MoMA Announces Quay Brothers Retrospective
Returning to the United States in 1973, the Quay Brothers spent six years creating illustration work, including art for the Philadelphia Inquirer and filler for The New York Times' music review; book covers for American suspense and science-fiction novels; and gothic drawings of surgery and cattle mutilation for Hugh Hefner’s men’s magazines. Their most prestigious assignment during this period was for the Anthony Burgess novel A Clockwork Testament or Enderby’s End (1975), which featured a dozen black-and-white drawings of the title character in stages of disintegration. Their most sustained projects of this period were a series of covers for the Dutch and British editions of the works of authors Louis-Ferdinand Céline and Italo Calvino, featuring variations on the figurative “extinct anatomies” and noir graphics that would surface most expressively in their films.
Throughout this period of sporadic work and frustrated ambition, the twins experimented with graphics and nurtured their growing enthusiasm for avant-garde drama and music through hypothetical designs for posters, books, and record albums that they admired. Notable among these were gymnastic autoerotica for Mishima (1971); tortured anatomy studies for Ul Abnormalna (c. 1981); several Enzyklopedie der Modernen Kriminalistik credited to obscure 19th-century criminologists; and faux theater posters for the work of German language playwrights, such as Thomas Bernard’s Der Ignorant und der Wahnsinnige (c. 1981), Peter Handke’s Kaspar (c. 1980), Friedrich Dürrenmatt’s Die Physiker (c. 1981), and Hartmut Lange’s Hundprozess (c. 1980).
In the 1970s the Quay Brothers created their most important work on paper with a series of more than a dozen pieces in pencil called The Black Drawings, through which they created an ur-text that served to define the visual palette of their future moving image work. Titled with obscure references to French wines, electroshock, sports, Holocaust history, Franz Kafka, Louis-Ferdinand Céline, and their own travels in Europe, the drawings are noir set pieces, each with the requisite blend of angst, sex, and violence. The twins’ earliest puppet films, Nocturna Artificialia: Those Who Desire Without End (1979) and the Kafka adaptation Ein Brudermord (1980), came directly from these works. The Black Drawings mark the point at which the twins were ready to step away from illustration to film and begin to establish themselves as the poets of gesture and alienation they have remained, in every medium they have touched, in subsequent years.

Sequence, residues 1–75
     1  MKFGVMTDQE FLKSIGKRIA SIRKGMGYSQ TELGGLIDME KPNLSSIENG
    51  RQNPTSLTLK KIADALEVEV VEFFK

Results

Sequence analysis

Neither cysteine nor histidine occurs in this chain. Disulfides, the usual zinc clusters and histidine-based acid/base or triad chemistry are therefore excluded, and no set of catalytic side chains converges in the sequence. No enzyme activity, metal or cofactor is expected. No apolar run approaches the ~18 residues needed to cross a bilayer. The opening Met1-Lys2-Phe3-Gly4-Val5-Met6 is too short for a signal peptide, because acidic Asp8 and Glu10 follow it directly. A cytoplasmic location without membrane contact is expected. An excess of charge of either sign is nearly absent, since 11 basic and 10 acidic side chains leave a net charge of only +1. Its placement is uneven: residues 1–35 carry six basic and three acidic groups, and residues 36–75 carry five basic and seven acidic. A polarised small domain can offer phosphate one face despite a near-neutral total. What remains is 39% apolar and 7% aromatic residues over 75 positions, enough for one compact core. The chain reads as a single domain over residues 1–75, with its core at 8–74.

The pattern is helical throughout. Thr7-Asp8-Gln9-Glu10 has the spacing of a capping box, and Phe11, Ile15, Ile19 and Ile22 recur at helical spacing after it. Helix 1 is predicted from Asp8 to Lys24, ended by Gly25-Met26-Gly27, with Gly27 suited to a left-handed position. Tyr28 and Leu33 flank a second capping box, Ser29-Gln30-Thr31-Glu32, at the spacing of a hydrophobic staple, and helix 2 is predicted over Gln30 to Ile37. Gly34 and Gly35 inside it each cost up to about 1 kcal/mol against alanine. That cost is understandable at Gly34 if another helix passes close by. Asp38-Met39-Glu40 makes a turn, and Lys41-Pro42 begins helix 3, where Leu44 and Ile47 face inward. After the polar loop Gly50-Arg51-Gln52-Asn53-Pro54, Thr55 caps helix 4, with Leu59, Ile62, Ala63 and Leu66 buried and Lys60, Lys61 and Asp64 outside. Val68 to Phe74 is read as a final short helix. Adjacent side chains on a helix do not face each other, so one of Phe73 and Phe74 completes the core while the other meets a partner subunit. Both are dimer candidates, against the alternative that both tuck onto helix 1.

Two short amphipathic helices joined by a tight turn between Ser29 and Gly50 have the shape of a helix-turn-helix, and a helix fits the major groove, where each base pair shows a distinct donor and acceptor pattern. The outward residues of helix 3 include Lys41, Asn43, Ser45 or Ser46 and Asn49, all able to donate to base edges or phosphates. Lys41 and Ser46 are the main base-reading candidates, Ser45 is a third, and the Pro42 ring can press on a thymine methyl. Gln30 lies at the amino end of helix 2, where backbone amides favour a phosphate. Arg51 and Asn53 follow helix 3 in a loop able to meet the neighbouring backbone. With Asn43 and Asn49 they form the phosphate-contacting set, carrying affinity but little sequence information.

In the 1980s graphic art became a sidebar for the Quays, as they gradually turned to filmmaking full time—though they brought to the moving image visual motifs they initially explored on paper. The elegant line and lettering of calligraphy is an enduring element in their work in all mediums. On film, it is celebrated in The Calligrapher (1991), memorialized in In Absentia, and figures significantly in their set design for The Cabinet of Jan Švankmajer (1984), This Unnameable Little Broom (1985), Rehearsals for Extinct Anatomies (1987), and the music video Long Way Down (1992). The practice of calligraphy extends to movement in their films as well, where it translates to the choreographic quality of the camera and mise-en-scène for dancers in the ballet films Duet (1999) and The Sandman (2000), to the choreographed decapitation of the hero in their film Street of Crocodiles (1986), to the uncanny pas de deux of mannequin and rabbit in Stile Nacht II: Are We Still Married? (1992), and to the dance-like direction of their actors in the features Institute Benjamenta and The Piano Tuner of Earthquakes (2005).
Their signature style, a mix of stop-motion, live-action, and graphic effects combined with sensual emotional content and intellectually stimulating subjects, has found expression in diverse genres: arts programming for British television (Igor, the Paris Years Chez Pleyel, 1982; Leos Janáček: Intimate Excursions, 1983); museum documentaries (The Phantom Museum, 2003; Through the Weeping Glass, 2011); adaptations of Swiss writer Robert Walser (Institute Benjamenta) and Jewish author Bruno Schulz (Street of Crocodiles); expressionistic melodrama (In Absentia; The Piano Tuner of Earthquakes); dance films; horror-themed pieces (Rehearsals for Extinct Anatomies, 1987) and science fiction (Maska, 2010).